The Olympics are over*, so it’s time to move my ass off of the ol’ Busvan for Bargains couch and fill up my dance card! Last week, I fox trotted to the Opera House to check out San Francisco Ballet‘s latest offering: Program 4, a mixed bill featuring a classic, a contemporary masterpiece, and an encore.

This evening, William Forsythe’s in the middle, somewhat elevated ranks #1 for excitement and spontaneity. With taped electronic music by Thom Willems reminiscent of Star Trek IV (the wailing alien rock thing, the one that wanted to obliterate the planet, remember?), instrumental Prince tunes, street drummers, and auto tune, the nine dancers, clad in forest green and black, dance off kilter with legs knocking their heads, on-a-dime turns, and crazy long balances.

There isn’t any plot, just the dancers walking around, Chorus Line-style, and randomly swiveling into their movement phrases. It’s almost like a battle: think Eminem in pointe shoes (oh gee, what an image), battling with his body instead of his mouth. Now multiply that nine times. Forsythe’s movement doesn’t work for the meek. The dancers are lit from above, and every muscle and movement is illuminated while the faces are shadowed. Who you are matters little. It’s what you (and in this case, Sofiane Sylve, Tiit Helimets, Katita Waldo, Lorena Feijoo, Davit Karapetyan, Vanessa Zahorian, Gennadi Nedvigin, Elana Altman, and Courtney Elizabeth) can DO that matters.

The title references two golden cherries that are lifted high above the dancers head (which are a reflection of the Palais Garnier, which houses the Paris Opera Ballet and which this ballet was created), but I also like to think that it references the dancers “centers,” so to speak: their chests (no, I don’t really mean boobs. OK, I mean boobs.). In ballet, a dancer carries herself lifted through the chest, and those in in the middle are lifted and proud.

And speaking of proud, another member of the press, a handful of rows in front of me, whooped out a few really loud “yeahs!” in response to quick feet and a “damn” when one dancer displayed her innate flexibility. I’ve sat behind this fellow before, and while I was shocked, it’s also what my (quiet, introverted, and civilized) gut was telling me, but this girl prefers to shout it out via Movable Type and not in the middle, somewhat seated.

Silver goes to the premiere of Michael Fokine’s Petrouchka, created in 1911 (Happy 99th, Petrouchka!) and staged here by his granddaughter Isabelle Fokine. Petrouchka tells the story of the puppet Petrouchka, made of sawdust, who comes to life. This 38-minute ballet includes four scenes, and by the end, Petrouchka is killed, but his spirit haunts the showman. Please note, I put my fear of puppets, clowns, and marionettes aside for this one, just for you, but I was gripping my date’s hand through much of the puppet portions, fearing that Chucky would pop out at any moment.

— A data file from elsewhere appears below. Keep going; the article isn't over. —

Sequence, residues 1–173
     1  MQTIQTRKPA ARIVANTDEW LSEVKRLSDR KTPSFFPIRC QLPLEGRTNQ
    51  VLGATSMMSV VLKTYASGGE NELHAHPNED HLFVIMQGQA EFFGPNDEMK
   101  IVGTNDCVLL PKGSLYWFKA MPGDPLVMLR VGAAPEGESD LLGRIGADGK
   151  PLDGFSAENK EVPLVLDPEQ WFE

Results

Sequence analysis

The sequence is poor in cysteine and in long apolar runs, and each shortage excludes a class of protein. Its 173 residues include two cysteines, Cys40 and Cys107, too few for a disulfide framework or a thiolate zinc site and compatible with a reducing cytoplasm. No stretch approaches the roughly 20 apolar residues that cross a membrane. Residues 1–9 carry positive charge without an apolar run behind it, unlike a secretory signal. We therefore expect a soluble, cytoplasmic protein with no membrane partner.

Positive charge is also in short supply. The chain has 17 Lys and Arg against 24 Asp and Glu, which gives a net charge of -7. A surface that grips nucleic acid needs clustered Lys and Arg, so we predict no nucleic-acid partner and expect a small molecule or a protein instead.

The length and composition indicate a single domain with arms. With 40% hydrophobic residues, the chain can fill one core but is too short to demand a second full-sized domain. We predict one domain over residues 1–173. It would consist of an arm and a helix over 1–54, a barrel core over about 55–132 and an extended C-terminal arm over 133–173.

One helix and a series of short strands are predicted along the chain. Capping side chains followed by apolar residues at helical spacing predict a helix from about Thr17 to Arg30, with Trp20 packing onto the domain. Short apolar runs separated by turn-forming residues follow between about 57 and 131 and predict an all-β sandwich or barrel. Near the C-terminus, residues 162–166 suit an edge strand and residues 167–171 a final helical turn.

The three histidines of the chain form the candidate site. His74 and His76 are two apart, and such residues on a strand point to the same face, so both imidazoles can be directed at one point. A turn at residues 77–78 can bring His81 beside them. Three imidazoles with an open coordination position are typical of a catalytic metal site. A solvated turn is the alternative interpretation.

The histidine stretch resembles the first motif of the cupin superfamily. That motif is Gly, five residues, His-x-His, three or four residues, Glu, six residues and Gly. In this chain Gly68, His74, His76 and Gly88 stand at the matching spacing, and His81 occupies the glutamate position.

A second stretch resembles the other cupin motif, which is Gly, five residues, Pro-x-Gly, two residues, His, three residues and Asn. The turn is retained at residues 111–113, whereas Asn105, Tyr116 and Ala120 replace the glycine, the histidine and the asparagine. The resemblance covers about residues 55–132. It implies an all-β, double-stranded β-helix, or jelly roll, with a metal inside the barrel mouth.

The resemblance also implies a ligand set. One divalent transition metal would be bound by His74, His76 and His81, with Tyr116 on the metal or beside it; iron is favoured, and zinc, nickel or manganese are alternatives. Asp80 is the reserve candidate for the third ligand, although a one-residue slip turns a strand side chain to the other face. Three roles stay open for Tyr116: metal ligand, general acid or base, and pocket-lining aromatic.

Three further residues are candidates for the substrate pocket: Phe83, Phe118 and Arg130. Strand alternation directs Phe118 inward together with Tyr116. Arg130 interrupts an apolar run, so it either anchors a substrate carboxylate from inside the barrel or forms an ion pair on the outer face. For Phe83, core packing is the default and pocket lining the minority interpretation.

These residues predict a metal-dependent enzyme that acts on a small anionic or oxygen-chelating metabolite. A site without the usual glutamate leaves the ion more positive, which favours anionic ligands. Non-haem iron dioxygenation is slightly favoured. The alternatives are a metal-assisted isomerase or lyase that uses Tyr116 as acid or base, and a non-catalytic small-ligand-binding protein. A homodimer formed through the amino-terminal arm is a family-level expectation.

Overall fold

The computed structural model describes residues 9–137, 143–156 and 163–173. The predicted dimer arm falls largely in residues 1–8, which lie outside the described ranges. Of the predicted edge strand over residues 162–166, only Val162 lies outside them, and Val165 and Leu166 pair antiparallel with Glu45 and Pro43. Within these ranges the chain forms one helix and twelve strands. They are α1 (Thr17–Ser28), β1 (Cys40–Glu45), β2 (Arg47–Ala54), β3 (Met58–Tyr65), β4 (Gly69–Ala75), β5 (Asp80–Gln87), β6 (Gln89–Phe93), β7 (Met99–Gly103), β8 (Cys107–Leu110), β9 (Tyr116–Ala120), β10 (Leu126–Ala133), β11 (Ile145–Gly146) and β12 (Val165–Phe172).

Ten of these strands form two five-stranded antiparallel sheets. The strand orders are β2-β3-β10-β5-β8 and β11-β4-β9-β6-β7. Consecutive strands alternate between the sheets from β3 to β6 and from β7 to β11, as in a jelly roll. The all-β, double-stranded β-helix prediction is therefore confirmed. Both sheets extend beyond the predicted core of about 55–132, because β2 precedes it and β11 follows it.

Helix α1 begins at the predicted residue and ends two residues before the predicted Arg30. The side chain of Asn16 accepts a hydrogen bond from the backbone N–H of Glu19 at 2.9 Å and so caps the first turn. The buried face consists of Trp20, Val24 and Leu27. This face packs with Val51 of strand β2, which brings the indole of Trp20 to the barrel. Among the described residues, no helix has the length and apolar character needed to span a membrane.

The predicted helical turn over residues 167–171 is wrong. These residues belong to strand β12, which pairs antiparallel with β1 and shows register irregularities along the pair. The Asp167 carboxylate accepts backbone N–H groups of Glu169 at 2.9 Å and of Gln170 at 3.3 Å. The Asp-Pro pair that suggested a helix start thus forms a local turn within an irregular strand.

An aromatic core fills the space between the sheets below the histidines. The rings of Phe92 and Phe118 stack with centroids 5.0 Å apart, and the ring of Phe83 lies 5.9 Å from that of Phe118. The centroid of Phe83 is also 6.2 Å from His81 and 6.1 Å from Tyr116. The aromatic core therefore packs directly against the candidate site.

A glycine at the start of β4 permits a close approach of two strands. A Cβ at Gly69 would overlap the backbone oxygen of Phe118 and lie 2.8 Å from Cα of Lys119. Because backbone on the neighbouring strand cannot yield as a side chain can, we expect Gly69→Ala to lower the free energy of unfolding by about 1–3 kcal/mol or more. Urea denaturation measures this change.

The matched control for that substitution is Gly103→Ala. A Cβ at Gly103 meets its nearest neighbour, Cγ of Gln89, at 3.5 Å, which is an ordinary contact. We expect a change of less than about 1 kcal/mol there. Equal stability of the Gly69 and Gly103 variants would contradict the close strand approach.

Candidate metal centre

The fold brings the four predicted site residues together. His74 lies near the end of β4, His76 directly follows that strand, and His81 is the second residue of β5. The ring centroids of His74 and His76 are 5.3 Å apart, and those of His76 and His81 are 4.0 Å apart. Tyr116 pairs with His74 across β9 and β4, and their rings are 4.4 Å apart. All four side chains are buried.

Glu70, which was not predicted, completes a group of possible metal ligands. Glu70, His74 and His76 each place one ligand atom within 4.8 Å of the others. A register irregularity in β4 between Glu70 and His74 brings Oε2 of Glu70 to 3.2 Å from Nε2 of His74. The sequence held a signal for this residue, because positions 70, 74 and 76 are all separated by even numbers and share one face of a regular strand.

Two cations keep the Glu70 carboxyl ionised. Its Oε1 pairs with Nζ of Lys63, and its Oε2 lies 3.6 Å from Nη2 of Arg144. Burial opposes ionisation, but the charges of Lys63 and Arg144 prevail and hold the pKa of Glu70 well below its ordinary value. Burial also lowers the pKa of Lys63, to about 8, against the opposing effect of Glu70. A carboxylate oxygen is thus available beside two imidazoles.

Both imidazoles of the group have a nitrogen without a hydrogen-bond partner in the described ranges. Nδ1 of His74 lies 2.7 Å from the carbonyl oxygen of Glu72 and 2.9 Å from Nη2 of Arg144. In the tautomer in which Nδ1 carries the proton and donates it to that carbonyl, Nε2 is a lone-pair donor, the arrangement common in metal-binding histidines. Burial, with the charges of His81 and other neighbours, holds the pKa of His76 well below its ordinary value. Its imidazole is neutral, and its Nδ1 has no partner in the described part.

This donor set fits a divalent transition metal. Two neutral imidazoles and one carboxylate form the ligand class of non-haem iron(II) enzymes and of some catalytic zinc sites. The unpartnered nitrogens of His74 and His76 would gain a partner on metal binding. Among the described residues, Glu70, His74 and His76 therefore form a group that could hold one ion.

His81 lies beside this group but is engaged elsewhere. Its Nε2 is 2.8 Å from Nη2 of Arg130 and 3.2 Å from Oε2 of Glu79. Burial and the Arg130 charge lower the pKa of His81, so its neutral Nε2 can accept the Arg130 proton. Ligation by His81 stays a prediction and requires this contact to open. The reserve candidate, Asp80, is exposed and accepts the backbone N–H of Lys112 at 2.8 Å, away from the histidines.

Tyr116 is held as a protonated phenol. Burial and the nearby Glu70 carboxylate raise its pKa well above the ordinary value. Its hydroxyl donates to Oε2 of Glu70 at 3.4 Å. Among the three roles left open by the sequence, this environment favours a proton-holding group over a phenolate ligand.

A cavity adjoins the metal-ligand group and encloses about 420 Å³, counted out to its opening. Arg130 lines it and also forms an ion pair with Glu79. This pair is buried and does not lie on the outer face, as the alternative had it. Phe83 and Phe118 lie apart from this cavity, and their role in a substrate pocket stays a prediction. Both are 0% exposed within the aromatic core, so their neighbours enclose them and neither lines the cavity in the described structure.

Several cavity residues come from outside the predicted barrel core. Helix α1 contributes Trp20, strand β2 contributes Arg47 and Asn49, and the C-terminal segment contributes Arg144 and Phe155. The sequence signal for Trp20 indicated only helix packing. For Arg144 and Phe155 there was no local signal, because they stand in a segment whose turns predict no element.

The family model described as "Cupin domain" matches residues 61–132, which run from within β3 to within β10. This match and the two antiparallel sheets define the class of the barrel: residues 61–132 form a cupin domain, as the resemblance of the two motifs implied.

Pacal Molat danced Petrouchka with an easy brokenness: his feet turned in, shoulders slumped, and head tilted in sadness, but his channeling of multiple Johnny Depp characters (Edward Scissorhands crossed with Willy Wonka crossed with Sweeney Todd crossed with Sam from Benny & Joon) threw me for an unexpected loop.

Clara Blanco played the adorable ballerina (Hello, SF Ballet! Promotion here, please!) to Brett Bauer’s blueberry-tinged Moor. And the non-date sitting to my right, peering through his high-powered binoculars, rightly swooned over Street Dancer Frances Chung’s fouette turns. The orchestra sounded strong, and the costuming, on loan from Birmingham National Ballet and The Joffrey Ballet, had enough crazy (pink polka dots, bright yet not abrasive colors, slightly rotund coachmen–Garen Scribner is will never ever be portly- and a bear, oh my!) without going over the top. But a note to parents: this is a dark and creeptastic story, and you may want to leave the youngins at home.

By default, the encore of Yuri Possokhov’s Diving into the Lilacs takes third place. Lilacs reflects upon life in Russia as the seasons progress (and he won’t say more about the premise, wanting his dancers to find their own motivations).

Last year I enjoyed this ballet, saying that it supplied “subtle dash of royalness,” and this year, I saw more, specifically, references to Petrouchka (ironically, with Molat featured in this section) and later George Balanchine.

But this time around, I was less impressed. The duets take my breath away, especially the one carved around Yuan Yuan Tan and Anthony Spaulding. There’s a moment where she reaches around him, her legs dangling in the air as her torso presses into his shoulder, and I can’t tell if she wants to melt into or escape over him. It’s the corps de ballet of eight strong dancers the seem neglected, adding mass but no well defined weight to the work.

This program concluded last weekend, after which the Ballet will debut the hauntingly beautiful, non-Disneyfied story ballet “The Little Mermaid.”

* Oh, figure skating, how I’ll miss thee for the next few weeks! But thank goodness for the World Championships, where we’ll get more hot pink tassels, quad drama, questionable incestuous crotch grinding, and toe picks.

the author

Becca Klarin writes about dance. Her first stage role was at the age of four, where she dressed in a brightly colored bumble bee tutu and black patent leather taps shoes. She remembers bright lights and spinning in circles with her eleven other bees, but nothing more. Becca also has an affinity for things beginning with the letter "P", including Pizzetta 211, Fort Point, pilates, parsvakonasana, and plies.

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